October 2015 Cotton Leader
2015 COTTON RESEARCH AND PROMOTION PROGRAM HALL OF FAME ANNOUNCED
Cotton Incorporated recently announced the 2015 class of the Cotton Research and Promotion Hall of Fame. The program, now in its second year, recognizes U.S. cotton industry leaders that have made significant contributions to the Program or to the cotton industry in general. “The vision of cotton industry leaders in the 1950s and 1960s created The Cotton Research and Promotion Program at a time in history when there was a need to join together and form a movement to battle synthetic competitors and re-establish markets for cotton. These leaders and the public/private partnership they created gave the cotton industry a second life,” said Bill Gillon, President and CEO of the Cotton Board. “The Hall of Fame Honorees helped implement that vision by making significant contributions to cotton’s competitiveness.” The five honorees are:
- Dr. Fred Bourland (Arkansas) is acknowledged for his extensive contributions to U.S. cotton plant breeding. In a career spanning more than 40 years, Bourland developed valuable plant measurements and techniques that aided the release of more than 80 cotton lines (germplasm and cultivars) for the Mid-South region.
- David Burns (North Carolina) served as Cotton Board Chairman during the integration of importers to the Board. In this role, Burns facilitated the easy assimilation of the importer constituency to the Program, and kept growers and importers focused on common goals.
- Jim Hansen (California) has provided outstanding leadership to the Cotton Research and Promotion Program in a variety of roles. He is the only person to serve as both Chairman of the Cotton Incorporated Board of Directors, and Chairman of the Cotton Board. Mr. Hansen also has served as Chairman of Supima and is a long-time board member of California Cotton Growers and Ginners Association.
- Dr. Preston E. Sasser (North Carolina) is widely regarded as one of the cotton industry’s leading research experts. During his tenure as Senior Vice President and Managing Director of Cotton Incorporated’s Research Division, Dr. Sasser led research that addressed health issues in cotton textile processing, and oversaw the development and implementation of cotton-testing technology.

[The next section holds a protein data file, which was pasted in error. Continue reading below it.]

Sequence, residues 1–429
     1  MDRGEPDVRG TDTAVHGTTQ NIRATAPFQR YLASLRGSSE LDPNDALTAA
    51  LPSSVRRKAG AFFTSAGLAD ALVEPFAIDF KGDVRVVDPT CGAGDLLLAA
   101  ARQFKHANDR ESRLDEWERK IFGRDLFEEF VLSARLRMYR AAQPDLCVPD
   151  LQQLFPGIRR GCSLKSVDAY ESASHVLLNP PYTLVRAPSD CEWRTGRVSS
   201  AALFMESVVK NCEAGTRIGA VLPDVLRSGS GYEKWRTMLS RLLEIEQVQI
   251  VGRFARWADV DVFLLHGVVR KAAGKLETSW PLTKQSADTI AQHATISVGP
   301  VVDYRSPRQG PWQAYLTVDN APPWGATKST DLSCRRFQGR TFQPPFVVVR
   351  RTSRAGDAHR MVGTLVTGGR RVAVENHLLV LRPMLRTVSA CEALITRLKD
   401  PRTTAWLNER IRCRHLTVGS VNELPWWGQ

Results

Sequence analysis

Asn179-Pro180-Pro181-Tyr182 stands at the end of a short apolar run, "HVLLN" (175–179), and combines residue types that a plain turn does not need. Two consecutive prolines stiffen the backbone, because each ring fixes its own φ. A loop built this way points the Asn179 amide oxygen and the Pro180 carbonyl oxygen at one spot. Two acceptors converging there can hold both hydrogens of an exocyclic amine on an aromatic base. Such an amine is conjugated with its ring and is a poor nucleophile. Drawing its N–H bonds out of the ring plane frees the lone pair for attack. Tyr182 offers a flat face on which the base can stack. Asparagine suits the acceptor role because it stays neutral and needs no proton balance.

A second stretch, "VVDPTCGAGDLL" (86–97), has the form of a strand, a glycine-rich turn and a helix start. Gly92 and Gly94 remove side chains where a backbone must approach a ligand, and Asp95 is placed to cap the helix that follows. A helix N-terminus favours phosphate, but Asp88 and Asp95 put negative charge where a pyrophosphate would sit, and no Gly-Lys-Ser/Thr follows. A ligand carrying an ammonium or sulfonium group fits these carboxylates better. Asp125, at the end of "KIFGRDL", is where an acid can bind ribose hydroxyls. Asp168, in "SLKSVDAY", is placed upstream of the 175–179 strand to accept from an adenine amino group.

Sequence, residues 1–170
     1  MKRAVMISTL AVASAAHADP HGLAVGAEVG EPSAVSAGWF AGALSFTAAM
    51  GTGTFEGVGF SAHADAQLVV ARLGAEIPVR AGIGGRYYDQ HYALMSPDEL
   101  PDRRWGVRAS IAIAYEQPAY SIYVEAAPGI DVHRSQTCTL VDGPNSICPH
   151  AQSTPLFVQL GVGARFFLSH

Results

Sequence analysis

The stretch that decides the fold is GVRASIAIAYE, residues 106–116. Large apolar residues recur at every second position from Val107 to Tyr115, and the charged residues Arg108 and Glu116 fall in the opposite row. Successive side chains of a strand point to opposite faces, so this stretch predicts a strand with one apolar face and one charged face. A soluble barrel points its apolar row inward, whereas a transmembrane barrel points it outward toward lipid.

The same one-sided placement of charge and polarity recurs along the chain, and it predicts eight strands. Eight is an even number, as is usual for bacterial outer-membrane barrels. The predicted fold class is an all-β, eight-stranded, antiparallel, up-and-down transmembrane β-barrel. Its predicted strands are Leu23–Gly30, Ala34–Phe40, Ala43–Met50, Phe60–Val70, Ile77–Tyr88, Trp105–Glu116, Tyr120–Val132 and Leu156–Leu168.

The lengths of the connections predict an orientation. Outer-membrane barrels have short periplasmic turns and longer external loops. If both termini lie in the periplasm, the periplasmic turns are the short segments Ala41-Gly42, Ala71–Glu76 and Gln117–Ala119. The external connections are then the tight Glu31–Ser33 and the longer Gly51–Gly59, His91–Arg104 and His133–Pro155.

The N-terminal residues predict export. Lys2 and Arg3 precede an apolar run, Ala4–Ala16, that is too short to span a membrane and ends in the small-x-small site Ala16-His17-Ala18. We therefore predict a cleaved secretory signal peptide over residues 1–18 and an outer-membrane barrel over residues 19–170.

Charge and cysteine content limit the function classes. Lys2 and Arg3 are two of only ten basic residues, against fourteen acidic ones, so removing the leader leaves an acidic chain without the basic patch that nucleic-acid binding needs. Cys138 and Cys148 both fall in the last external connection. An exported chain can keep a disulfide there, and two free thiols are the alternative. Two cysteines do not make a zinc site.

- Hugh Summerville (Alabama) elevated the participation of the Board of Directors during his time as Cotton Incorporated Chairman, and fostered the strong relationship between the Cotton Board and Cotton Incorporated that still exists today. He was also a champion of the Cotton Incorporated World Headquarters and its role as an incubator for cotton innovation.
Cotton Board Chairman, Aaron Barcellos of Los Banos, California, said, “By recognizing past leaders and innovators, we remind ourselves of the hard work and dedication required to make cotton the preferred fiber for the world. Their efforts inspire the leaders of the Research and Promotion Program today as cotton again faces significant competitive challenges. We will continue to work with the industry’s future ‘hall-of-fame’ leaders to find new answers for cotton and secure the industry’s future.” The 2015 honorees of the Cotton Research and Promotion Program Hall of Fame were chosen from nominations made by Certified Producer and Importer Organizations and voted upon by the Chairman’s Committee of the Cotton Incorporated Board of Directors. The honorees will be formally inducted into the Cotton Research and Promotion Program Hall of Fame at the joint Cotton Incorporated/Cotton Board annual meeting in December.